Unsafe abortion is one of the five main causes of maternal mortality worldwide, together with haemorrhage, eclampsia, sepsis and obstructed labour. Unsafe abortion accounts for a shocking 13 percent of maternal deaths around the world, according to the World Health Organisation (WHO). The rates are even higher in certain regions, such as Latin America, and in contexts such as refugee camps and conflict areas.
Where safe abortion care is not available, women and girls will put their lives at risk. When left with no safe options, they will resort to abortions carried out by untrained people or in environments lacking minimal medical standards. According to the WHO, of the estimated 46 million abortions requested per year, roughly 20 million are considered unsafe. As medical providers, Doctors Without Borders (MSF) teams around the world treat women and girls with abortion-related complications every day.
It is MSF’s policy to provide contraceptive and safe abortion care as part of its response to women’s and girls’ health needs. The treatment of abortion-related complications and the termination of pregnancy to save a woman from life-threatening complications are part of all MSF obstetric care. The decision on whether to terminate a pregnancy on request is taken very carefully, with the safety of patients and staff a primary concern.
“The medical consequences of unsafe abortion are dire and should be treated as such,” said Jason Cone MSF-USA executive director. “Governments should not play politics with the lives of women and girls. No matter what the risk or barrier, women will continue to seek ways to end pregnancies and they will continue to needlessly die if safe abortion care is not accessible. The Trump Administration needs to face these facts and end policies that endanger the lives of women and girls.”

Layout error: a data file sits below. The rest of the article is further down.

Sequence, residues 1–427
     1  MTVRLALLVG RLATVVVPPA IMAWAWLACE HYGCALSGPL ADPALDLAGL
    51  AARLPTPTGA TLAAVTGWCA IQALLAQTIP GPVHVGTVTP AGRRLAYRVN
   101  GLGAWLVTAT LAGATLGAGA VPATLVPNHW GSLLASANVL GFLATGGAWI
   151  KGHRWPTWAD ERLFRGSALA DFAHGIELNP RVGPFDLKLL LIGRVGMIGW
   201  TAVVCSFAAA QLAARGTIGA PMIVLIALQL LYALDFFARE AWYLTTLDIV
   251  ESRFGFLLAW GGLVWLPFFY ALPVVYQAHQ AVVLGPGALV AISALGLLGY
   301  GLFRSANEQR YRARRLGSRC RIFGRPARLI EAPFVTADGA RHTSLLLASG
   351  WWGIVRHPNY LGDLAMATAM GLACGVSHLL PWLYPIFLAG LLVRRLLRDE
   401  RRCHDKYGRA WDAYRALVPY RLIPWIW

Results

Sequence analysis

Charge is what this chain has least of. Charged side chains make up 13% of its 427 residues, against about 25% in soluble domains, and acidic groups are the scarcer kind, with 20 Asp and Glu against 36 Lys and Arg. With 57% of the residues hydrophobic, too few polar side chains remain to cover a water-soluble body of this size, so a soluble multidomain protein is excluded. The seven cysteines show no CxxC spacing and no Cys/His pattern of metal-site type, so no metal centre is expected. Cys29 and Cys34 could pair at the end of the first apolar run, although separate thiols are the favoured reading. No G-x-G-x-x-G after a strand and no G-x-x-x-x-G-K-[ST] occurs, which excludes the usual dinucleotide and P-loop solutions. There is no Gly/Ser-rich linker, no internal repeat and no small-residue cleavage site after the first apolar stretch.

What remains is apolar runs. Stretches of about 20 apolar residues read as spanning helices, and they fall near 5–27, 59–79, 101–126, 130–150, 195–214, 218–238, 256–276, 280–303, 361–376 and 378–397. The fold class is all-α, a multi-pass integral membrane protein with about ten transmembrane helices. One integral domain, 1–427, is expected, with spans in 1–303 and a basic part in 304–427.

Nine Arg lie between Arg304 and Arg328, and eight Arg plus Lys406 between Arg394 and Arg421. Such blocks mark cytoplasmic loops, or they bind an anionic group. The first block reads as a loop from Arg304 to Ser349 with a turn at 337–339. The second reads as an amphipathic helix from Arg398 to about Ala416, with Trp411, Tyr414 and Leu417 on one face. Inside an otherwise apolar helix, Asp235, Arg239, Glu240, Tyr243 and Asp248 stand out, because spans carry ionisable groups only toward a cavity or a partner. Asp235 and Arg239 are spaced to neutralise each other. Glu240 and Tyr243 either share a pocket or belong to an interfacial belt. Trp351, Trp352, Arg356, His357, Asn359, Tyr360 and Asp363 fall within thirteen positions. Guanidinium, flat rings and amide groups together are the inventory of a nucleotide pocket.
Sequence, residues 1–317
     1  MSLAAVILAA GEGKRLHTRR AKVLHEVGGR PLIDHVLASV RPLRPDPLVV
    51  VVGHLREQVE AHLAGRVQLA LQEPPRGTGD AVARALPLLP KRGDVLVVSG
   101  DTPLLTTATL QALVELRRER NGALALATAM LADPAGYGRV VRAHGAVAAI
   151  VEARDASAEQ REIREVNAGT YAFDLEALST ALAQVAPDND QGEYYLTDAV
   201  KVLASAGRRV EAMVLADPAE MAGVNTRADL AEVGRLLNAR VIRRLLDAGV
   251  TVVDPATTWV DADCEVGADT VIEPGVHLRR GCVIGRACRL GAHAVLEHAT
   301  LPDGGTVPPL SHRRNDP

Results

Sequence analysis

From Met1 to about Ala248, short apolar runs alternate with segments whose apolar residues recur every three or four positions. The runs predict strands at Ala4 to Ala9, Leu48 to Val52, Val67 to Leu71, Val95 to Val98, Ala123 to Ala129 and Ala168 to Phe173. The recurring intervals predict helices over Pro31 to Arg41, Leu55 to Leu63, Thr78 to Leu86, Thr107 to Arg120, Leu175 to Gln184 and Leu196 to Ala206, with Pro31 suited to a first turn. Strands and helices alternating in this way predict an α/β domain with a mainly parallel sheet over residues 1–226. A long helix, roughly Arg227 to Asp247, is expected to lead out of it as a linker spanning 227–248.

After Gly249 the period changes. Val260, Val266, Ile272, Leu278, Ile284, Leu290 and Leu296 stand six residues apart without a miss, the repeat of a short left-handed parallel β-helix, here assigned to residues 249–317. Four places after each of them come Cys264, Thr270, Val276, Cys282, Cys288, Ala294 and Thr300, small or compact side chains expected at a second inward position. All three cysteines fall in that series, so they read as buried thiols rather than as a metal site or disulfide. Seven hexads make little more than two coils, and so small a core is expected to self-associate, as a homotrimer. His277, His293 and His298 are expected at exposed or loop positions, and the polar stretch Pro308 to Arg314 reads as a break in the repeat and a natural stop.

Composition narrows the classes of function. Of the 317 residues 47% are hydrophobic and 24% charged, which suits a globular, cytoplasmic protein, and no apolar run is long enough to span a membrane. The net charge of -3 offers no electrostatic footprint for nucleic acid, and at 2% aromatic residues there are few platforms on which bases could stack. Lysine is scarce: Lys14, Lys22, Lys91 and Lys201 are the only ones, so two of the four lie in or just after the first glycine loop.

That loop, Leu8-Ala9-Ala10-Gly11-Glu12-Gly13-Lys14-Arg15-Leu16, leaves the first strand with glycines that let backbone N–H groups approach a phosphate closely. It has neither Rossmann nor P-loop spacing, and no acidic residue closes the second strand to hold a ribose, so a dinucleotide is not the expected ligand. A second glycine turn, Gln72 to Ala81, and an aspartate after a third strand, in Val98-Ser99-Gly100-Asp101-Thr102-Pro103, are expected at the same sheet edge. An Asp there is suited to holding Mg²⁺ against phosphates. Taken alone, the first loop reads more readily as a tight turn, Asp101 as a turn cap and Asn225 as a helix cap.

Research over the past decade has shown that policies that ban medical providers from educating women about abortion and their family planning options—including birth control and condoms—actually lead to more unwanted pregnancies, more unsafe abortions and death, and higher rates of sexually transmitted diseases, such as HIV. People need reproductive health services, including access to contraceptives and safe abortion care. This access has decreased in the past when the Mexico City Policy was in place.
Women should have the information and tools to protect their health and wellbeing. Women are at greater risk of becoming HIV-positive than men, and pregnant women require specific and targeted services so that their own health can be protected and the risk of sexual transmission or transmission to their child can be reduced.
The Mexico City Policy is no longer limited to organisations providing family planning services. It now applies to all U.S.-funded global health programmes, including HIV and maternal and child health programs. By removing funding from organisations that also deal with malaria and other child health issues, the policy could threaten progress on many fronts, including efforts to reduce HIV-related deaths and new infections and decrease childhood mortality through malaria prevention and treatment initiatives, and immunization programs.
“MSF does not receive any U.S. government funding and is not directly affected by the reinstatement of the Mexico City Policy,” said Cone. “However, as providers of medical care in places where women and children will be directly affected and hurt by this policy, it is important to state the enormous damage this policy will have on collective efforts to reduce maternal mortality and suffering worldwide.”